Veteran fresco restorer Li Yunhe, 85, still works on the spot, and he has passed down his skills to his grandson Li Xiaoyang, 28, who, after college in Australia, is back in China to contribute to the cause. Photos by Li Bo and Wang Xionglong/For China Daily
A third-generation restorer of the Dunhuang frescoes relishes the ancient art and the traditional methods to preserve it, Wang Kaihao reports in Quyang county, Hebei province.
Li Xiaoyang is 28 years old, but he says he's been submerged in fresco restoration for more than 20 years, thanks to his family.
It is not a joke.
"I followed my grandfather and stayed with restorers at work sites for months," Li recalls. "That was how I spent my summer vacations when I was a child."
Li was born in Dunhuang, Gansu province. The oasis city in the Gobi desert is known as a major stop on the ancient Silk Road and commanded a strategic position on that Eurasian trade route. Dunhuang's legacy includes the breathtaking Buddhist relics of the Mogao Caves, which date to the 4th century. The art of its frescoes reached its zenith during the Tang Dynasty (618-907), and the relics were inscribed on the UNESCO World Heritage list in 1987, one of the earliest listed sites in China.
Li's grandfather, Li Yunhe, moved to Dunhuang from his hometown in eastern Shandong province at the age of 24, working in Dunhuang Academy as a fresco restorer. He devoted his next six decades not only to the remarkable cultural treasures in the Mogao Caves but to many other exquisite ancient art pieces around the country.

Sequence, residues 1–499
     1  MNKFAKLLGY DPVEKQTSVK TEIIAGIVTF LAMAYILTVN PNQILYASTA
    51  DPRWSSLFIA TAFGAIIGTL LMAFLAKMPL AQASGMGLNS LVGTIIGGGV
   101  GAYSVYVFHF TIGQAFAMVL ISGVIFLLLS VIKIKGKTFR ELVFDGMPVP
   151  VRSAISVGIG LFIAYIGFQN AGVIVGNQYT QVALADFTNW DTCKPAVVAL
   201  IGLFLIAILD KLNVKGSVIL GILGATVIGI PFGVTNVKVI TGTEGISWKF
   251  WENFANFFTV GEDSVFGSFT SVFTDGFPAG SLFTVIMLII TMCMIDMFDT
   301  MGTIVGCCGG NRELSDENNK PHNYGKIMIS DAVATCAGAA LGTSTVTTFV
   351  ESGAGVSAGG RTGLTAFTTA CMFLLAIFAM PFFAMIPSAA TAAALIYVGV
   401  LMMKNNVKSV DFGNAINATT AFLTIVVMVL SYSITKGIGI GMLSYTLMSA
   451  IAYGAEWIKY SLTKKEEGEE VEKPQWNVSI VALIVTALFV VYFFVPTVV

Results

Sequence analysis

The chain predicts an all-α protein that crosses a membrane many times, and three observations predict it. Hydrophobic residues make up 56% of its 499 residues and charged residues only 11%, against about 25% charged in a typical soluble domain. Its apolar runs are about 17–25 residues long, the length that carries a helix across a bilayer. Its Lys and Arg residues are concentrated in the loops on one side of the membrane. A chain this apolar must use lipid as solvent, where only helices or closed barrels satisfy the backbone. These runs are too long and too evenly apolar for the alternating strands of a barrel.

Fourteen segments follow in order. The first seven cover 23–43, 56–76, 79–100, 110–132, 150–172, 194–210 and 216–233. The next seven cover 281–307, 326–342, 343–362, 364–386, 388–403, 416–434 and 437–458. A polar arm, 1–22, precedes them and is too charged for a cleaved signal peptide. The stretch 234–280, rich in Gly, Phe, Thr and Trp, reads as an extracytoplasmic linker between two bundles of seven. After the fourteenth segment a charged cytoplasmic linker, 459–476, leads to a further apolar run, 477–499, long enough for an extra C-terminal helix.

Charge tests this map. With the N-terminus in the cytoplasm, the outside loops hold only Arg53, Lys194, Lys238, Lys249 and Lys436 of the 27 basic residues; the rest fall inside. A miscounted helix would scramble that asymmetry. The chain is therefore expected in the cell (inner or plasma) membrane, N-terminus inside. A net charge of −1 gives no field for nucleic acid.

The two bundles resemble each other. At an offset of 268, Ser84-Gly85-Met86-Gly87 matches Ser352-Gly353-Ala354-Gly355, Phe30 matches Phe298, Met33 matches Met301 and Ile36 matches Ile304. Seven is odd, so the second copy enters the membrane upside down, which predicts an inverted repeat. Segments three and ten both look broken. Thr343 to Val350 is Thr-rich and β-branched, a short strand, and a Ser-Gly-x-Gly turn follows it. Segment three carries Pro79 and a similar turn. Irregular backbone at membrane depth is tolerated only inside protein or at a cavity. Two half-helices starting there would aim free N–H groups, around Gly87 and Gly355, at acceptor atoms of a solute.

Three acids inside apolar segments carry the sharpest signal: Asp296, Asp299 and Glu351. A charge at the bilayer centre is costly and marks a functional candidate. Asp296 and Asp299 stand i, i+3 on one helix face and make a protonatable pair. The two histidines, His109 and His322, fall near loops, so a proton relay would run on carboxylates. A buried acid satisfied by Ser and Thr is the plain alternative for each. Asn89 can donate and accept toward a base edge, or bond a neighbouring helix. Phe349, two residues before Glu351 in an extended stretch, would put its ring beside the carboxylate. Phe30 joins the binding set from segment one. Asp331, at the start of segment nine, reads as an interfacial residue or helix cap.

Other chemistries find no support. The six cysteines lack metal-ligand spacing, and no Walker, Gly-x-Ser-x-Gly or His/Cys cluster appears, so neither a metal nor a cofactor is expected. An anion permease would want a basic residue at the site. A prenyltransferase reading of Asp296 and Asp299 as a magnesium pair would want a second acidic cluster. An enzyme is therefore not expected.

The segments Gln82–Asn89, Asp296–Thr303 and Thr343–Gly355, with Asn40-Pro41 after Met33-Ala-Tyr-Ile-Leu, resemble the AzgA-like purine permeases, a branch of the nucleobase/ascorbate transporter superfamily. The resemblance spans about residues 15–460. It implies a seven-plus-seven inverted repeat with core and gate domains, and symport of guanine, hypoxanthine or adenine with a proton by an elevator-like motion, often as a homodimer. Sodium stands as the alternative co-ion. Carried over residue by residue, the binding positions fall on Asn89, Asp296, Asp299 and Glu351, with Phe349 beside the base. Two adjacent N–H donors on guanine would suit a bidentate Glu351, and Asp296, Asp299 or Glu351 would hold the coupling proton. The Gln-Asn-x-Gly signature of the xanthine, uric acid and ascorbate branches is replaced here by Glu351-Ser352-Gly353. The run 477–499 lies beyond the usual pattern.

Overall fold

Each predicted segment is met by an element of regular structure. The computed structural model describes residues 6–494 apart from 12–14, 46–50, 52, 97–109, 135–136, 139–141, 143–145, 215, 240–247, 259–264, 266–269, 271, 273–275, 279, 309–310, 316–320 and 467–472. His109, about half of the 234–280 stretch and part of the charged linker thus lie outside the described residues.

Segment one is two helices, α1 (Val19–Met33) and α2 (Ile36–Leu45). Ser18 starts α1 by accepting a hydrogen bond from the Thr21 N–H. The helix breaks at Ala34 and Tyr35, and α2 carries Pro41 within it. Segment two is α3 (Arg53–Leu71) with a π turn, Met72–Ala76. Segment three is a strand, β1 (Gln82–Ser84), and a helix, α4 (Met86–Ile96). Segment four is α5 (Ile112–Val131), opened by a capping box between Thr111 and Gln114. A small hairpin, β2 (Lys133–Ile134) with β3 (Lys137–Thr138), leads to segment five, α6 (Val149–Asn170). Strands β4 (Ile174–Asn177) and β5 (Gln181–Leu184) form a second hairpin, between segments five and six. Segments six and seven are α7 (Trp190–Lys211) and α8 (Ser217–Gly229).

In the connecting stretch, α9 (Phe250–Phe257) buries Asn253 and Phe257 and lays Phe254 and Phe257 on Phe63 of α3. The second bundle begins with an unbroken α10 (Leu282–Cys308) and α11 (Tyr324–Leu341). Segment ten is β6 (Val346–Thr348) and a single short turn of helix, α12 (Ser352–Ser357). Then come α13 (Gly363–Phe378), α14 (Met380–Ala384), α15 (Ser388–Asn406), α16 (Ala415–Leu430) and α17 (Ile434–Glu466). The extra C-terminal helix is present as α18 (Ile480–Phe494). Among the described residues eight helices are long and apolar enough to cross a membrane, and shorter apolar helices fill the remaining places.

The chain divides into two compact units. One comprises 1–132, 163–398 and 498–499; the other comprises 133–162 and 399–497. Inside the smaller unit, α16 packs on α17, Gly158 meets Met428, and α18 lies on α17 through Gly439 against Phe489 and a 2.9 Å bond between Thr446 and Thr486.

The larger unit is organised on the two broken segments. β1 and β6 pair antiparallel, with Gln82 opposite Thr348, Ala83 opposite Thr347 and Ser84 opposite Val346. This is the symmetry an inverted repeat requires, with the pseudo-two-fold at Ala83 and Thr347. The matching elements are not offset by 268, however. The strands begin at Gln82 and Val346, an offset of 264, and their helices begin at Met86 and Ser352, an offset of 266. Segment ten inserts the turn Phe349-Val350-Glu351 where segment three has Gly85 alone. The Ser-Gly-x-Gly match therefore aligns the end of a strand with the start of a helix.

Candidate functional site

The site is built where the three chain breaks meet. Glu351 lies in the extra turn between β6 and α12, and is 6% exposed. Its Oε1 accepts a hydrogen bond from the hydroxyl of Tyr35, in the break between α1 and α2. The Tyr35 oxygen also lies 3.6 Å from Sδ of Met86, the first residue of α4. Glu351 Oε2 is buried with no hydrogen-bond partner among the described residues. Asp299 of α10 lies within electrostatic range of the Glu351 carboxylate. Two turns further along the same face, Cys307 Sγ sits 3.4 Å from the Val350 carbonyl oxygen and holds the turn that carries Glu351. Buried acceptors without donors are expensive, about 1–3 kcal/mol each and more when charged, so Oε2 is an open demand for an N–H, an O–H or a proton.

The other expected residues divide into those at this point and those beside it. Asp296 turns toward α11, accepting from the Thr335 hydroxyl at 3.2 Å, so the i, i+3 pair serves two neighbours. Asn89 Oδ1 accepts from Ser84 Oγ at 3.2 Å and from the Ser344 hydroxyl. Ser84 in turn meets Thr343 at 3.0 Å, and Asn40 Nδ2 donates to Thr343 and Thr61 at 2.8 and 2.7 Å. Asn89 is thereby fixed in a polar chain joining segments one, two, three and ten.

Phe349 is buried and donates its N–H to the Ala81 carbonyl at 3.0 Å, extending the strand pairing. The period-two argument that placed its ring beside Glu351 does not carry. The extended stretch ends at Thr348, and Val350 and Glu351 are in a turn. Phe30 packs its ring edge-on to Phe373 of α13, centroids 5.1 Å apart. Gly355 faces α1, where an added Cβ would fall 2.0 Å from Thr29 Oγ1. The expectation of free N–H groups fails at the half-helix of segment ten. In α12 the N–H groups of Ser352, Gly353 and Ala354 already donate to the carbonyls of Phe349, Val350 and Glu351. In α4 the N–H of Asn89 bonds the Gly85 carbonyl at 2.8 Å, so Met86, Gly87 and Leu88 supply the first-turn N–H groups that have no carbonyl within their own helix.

"What creates the spirit of craftsmanship? I think the answer is time," Li Xiaoyang says in admiration of his grandfather. "After repairing No 161 grotto in the Mogao Caves in 1962, my grandfather has gone back to check whether the restoration was solid every year since."
"He is 85 years old, but it's a piece of cake for him to climb up 20-meter-high scaffolds. He says he likes staying with us young people, and that makes him feel young."<
Veteran fresco restorer Li Yunhe's grandson Li Xiaoyang works on fresco restoration.
On April 18, International Day for Monuments and Sites (established by International Council on Monuments and Sites and approved by UNESCO in 1983), Li Xiaoyang came to Quyang county in Hebei province to attend an award ceremony honoring the fresco restoration project in a temple that dates to the Yuan Dynasty (1271-1368).
Led by his grandfather, Li Xiaoyang was a team member to do the project. It is on the country's most recent "10 best cultural relic restorations" list, which was released on that day.
Li Yunhe is commonly considered by many to be the top fresco restorer from Dunhuang who is still active. He was absent in the ceremony because he's committed to another project.
The project in Quyang, starting from August 2012, is the first major restoration Li Xiaoyang participated in. He followed his grandfather and his uncle, who is the middle-generation fresco restorer in the family.